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The clearing of Chavez Ravine

The clearing of Chavez Ravine

Jan. 9, 1952: A house on a Chavez Ravine hillside awaits movers.

In 1951, the Los Angeles Housing Authority began using the power of eminent domain to relocate the mainly tight-knit Mexican American community. Within a year, due to local politics, fueled by the anti-communist movement, public housing was considered socialist.

Under the headline “Council’s Feud is Ravine’s Tragedy,” the Los Angeles Mirror reported on Jan. 10, 1952:

Empty foundations, piles of rubble and weathered lumber are scarring the quiet landscape of Chavez Ravine while a civic battle rages over its destiny.

Public housing plans, which eight Councilmen now are seeking to abandon, have already reached deep into the life of the community and changed the face of it….

Scores of the 972 dwelling units in the area have been moved out or torn down. Many others have only a temporary reprieve…

With relocation assistance from the authority, 664 families have left Chavez Ravine on a promise that they will have priority when the housing development is built.

Whether it will be built at all is a question no one can answer right now.

The proposed housing project was killed, but most Chavez Ravine residents had already left. The City of Los Angeles took over the vacant lots. In 1958, voters approved Prop. B — transfering the land to the Dodgers.  The remaining residents were forced out for construction of Dodger Stadium.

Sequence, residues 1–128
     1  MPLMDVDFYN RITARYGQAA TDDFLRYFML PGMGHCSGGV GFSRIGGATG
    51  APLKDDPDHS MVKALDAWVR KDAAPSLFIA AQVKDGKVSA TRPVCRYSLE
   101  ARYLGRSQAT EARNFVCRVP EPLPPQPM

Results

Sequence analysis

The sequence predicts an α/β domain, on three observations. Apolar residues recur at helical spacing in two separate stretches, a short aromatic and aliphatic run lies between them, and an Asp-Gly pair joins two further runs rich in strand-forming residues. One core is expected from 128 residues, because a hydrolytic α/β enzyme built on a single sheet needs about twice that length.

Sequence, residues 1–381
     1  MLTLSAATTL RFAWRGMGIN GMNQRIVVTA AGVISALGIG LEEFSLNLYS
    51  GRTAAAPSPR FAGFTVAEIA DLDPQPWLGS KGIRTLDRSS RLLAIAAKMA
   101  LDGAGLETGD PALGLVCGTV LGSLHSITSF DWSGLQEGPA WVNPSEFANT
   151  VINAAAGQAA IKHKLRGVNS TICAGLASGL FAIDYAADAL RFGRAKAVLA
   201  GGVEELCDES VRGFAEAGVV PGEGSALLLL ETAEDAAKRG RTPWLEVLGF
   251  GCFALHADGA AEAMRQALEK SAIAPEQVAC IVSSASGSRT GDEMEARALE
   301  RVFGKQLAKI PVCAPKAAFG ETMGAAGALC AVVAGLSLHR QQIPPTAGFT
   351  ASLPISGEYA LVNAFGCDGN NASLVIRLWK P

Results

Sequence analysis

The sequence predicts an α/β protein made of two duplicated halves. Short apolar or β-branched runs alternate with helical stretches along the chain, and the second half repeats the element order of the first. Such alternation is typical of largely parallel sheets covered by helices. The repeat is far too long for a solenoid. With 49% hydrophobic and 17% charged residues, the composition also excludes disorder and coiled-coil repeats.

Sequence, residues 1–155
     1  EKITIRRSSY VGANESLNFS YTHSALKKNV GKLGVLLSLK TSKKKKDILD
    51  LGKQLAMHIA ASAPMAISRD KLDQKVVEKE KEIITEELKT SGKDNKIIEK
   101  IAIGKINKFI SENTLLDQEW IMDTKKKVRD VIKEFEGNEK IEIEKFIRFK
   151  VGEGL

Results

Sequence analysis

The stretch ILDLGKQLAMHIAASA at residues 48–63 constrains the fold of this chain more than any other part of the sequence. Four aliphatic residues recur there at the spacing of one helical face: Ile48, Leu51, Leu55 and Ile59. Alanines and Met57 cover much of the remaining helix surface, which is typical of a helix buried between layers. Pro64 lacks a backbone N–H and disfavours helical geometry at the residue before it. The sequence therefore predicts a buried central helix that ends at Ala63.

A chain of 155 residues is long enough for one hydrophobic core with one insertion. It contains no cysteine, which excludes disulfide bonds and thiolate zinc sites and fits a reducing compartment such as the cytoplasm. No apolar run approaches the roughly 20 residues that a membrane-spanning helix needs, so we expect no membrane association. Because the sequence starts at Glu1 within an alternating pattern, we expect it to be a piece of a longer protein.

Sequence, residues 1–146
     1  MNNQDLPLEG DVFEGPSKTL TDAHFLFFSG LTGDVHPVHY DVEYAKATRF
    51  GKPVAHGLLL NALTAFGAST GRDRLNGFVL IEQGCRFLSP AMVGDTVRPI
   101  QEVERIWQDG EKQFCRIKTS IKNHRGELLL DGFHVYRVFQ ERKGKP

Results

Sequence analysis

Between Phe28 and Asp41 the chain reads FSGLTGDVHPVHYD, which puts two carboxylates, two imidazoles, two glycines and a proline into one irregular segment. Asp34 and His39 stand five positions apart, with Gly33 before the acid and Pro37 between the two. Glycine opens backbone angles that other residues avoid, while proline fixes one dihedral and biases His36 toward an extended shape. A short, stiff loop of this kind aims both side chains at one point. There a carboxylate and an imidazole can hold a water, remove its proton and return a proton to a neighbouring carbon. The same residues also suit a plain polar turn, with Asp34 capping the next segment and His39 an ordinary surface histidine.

The Daily Mirror has this good post on Chavez Ravine.

This photo by Los Angeles Mirror staff photographer Gene Hackley was not published with the previously quoted Mirror story but was often used with Chavez Ravine historical articles. In the 1960s, Hackley was a Los Angeles Times staff photographer.

1 Comment

  1. March 31, 2011, 9:57 am

    No one realizes that the gang problem in Northeast Los Angeles came after all the hispanics were kicked out of their homes and forced to relocate to Glassell, Echo, Cypress, Highland Park and Lincoln Heights. Check out the history of gangs in the Northeast area and see that the excalation of hispanic gangs and the evictions historically run in sync. Is the city of Los Angeles taking responsiblity for that too? Not…

    By: Maggie Garson

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